ISO 3834 does not replace ISO 9001:2000 but compliments it as a process management tool. It can however stand alone and be applied independently.It is a management system to manage the company’s welding capability’s resources – such as people, paperwork, equipment and systems. This ensures control at all levels of the welding process from design to the handover of the project. This will help to avoid failures in the industry from catastrophic to just plain embarrassing – thus ensuring welding integrity.

The documentation of the Welding Fabricator Certification Scheme (SCERT) consists of six parts:
Part 1: Criteria for selection and use
Part 2: Comprehensive quality requirements
Part 3: Standard quality requirements
Part 4: Elementary quality requirements
Part 5: Normative references for the requirements of ISO 3834-2. ISO 3834- 3 and ISO 3834-4
Part 6: Guidance on implementing ISO 3834

The first 5 parts are available from the SABS adopted from ISO 3834. The guidelines as set out in part 6 are available in technical reports from the SABS or can be purchased directly from the ISO website (

The quality requirements or levels of control are basically defined in terms of the complexity of the welding required (see table on page 33).

Structural steelwork falls within level three where the standard is demanding, but the range of sections and grades of steel used do not vary much. Level 2 covers specialist welding usually done in complex projects such as some of the power station components and pressure vessels – usually involving high risks and safety issues.

The management system requires a high level of management of the welding team which need to look at the whole process from design to execution and establish what procedures need to be done, if the workshop has the capability and resources to do the kind of welding required and manage the supervisors and welders on the floor to execute the job to the set standards.

Step one – Complete the application form
available from the SAIW

Step two – Assessment for a quotation
The SAIW will send an assessor to your works to establish how your welding process works and which systems you already have in place toprovide you with a quotation of the assessment. If the assessor concludes that you will not be able to receive accreditation he will give you basic guidelines and information to upgrade your system to be able to apply for accreditation.

Step three – Sign the quotation and placean order

Step four – Orientation visit
The assessment team will schedule a visit to your workshop to meet the staff and plan the assessment according to your individual business processes etc.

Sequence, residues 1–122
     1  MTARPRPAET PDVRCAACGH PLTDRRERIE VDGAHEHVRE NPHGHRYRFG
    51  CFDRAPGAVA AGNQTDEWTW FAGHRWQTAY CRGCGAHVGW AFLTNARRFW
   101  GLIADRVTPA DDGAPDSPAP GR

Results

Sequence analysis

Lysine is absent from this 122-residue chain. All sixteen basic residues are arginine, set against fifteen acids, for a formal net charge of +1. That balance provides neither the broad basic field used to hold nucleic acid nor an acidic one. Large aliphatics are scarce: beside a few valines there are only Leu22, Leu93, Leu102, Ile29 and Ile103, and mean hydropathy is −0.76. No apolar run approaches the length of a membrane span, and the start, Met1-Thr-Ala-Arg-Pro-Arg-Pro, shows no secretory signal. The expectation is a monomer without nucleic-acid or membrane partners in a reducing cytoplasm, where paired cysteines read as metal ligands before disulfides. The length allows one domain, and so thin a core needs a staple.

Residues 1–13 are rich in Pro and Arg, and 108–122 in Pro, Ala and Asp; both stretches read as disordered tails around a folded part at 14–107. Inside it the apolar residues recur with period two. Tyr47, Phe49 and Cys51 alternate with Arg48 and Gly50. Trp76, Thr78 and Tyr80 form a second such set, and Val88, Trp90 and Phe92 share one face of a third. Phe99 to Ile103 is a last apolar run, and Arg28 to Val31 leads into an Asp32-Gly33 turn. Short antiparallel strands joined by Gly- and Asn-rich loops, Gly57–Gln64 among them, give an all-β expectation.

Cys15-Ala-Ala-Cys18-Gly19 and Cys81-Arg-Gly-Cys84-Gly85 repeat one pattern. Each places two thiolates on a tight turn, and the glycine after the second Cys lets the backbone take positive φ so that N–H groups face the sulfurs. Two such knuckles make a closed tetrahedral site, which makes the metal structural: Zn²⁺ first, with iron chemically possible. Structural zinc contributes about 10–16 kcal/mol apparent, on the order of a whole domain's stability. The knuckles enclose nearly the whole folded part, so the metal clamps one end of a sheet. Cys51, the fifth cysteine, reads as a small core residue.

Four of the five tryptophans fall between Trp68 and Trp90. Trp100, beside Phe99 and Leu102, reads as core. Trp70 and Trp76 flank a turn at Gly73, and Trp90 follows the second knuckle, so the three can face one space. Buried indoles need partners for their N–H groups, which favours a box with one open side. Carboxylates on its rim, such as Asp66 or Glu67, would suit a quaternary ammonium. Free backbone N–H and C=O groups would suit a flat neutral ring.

Step five – Assessment
The assessment team consists of a lead assessor and a technical expert. An assessment usually takes a whole day. After the assessment has been completed, a concluding meeting will cover the team’s observations and include any non-conformances.

Step six – The report
You will receive a report from the assessment team which will list all nonconformances to be rectified before the team can recommend certification or if certification is out of the question go through the processes that have to be put in place before you can re-apply for certification.

Step seven – Clearances of NCR’s
You have to rectify all NCR’s and this need to be assessed and cleared by the accreditation team.

Step eight – Recommendation to Accreditation Board
If the board accepts and approves the recommendation you will receive a global compliance listing on the IIW and SAIW website valid for 5 years. The SAIW will either send you an annual surveillance report to complete if you have a IWS, IWT or IWE employed at the company or conduct an annual surveillance audit if not.

The cost of accreditation is based on complexity of work, steel tonnage, the number of technical people and the level of accreditation required.

Costs: Initial assessment
R 20 300 to R 34 200

Costs: Annual surveillance
R 4 400 to R 8 800

Since the launch of the SAIW Welding Fabricator Certification Scheme it has rapidly gained momentum following a positive response from a wide range of fabricators countrywide. Eighteen applications have already been received and ten assessments have been completed, with six successful.

Qualification and certification of NDT personnel by SAIW Certification, the certification arm of SAIW, is accredited by the South African National Accreditation System (SANAS), a member of the International Accreditation Forum (IAF). This means that NDT personnel trained by SAIW and qualified and certified by SAIW Certification enjoy acceptance and recognition in the global workplace.

Contact Persons

Richard Fowles                  John McLeish
Project Manager                Certification Manager
011 374 0019                     011 374 0007